How has a 166-year-old glass company stayed so unbreakable?
“It hasn’t always been smooth sailing,” Weeks said, referencing some big bumps. The biggest occurred after the internet bubble burst, which sent the company’s net income plummeting in 2002, before the leadership restored profitability in 2003 and drove the company’s next growth surge.
Weeks says Corning has survived and sustained itself by following a few rules. In addition to focusing on problems that matter, Corning has a distinct set of capabilities that sets them apart. The company maintains the trust of stakeholders by living its values and fosters an environment that encourages collaboration and creativity.
Weeks compared the evolution he’s seen at Corning to that which he’s seen at his alma mater.
“Lehigh is a university 152 years young that is undergoing its own set of changes to remain relevant, while at the same time staying quite true to its values,” he said.
The Hidden Purpose of Capitalism
Weeks sees collaboration not only as an integral part of Corning’s success, but also at the core of capitalism.
“People view capitalism too much as competition. In some ways, it is, but if you are going to create life-changing organizations, products, and services, you’re going to have to collaborate with others,” he said.
Weeks himself has continued to collaborate with colleagues in all levels of the organization on new product development, especially in his roles as CEO and chairman of the board.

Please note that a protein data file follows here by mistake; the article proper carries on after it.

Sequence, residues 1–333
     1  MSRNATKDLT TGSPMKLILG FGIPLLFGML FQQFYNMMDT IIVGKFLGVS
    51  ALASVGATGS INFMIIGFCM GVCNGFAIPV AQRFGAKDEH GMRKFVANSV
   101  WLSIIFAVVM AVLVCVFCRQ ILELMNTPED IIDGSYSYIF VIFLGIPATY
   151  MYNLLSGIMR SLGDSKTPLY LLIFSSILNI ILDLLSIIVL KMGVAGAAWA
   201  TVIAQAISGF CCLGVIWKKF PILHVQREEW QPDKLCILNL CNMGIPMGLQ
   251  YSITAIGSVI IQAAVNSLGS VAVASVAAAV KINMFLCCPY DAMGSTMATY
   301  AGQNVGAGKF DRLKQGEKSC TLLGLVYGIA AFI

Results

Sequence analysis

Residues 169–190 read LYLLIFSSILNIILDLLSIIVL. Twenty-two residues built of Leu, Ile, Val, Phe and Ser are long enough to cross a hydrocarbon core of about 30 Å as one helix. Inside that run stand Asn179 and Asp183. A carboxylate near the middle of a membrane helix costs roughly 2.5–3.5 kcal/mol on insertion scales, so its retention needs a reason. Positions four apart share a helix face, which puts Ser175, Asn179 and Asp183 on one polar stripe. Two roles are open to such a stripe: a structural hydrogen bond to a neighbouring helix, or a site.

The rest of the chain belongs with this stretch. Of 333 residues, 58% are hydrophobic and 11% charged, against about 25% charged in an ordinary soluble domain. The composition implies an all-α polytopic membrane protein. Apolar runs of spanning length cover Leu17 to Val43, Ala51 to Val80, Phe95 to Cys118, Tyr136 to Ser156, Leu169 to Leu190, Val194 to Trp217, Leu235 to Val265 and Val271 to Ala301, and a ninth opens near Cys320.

“I’m constantly stunned by the ways different people think about and approach problems—I’m always learning from my peers,” he said. “I urge you to keep your heart and mind open and to not get caught up in hierarchy,” he told students.
Weeks and his colleagues have developed and launched significant new products, such as damage-resistant pharmaceutical glass packaging that helps make injectable drugs safer and Corning® Gorilla® Glass, which is featured on billions of devices worldwide, including the Samsung Galaxy and Apple iPhone. Weeks has stayed loyal to his values and true to his passions which is likely due to why the 166-year-old company he runs has remained so robust.
When asked by a student how he’s gotten to where he is, Weeks modestly chuckled and said, “luck.” He then qualified his response: “It sounds like a flippant answer, but luck is one of the ingredients. You have to work really hard; you have to do something you are passionate about; and you’ve got to do it with people you really like working with, but I have to say, luck has so much to do with it.”
In the same breath, he reminded students not to focus too much on external recognition.
“You can’t pin your happiness on your title or how much money you make—so don’t focus on that,” he said. “Find the people you love working with and something you are really excited to work on, and you will be happy. Even if it doesn’t lead to external recognition, you will be happy.”
Story by Elizabeth Shimer Bowers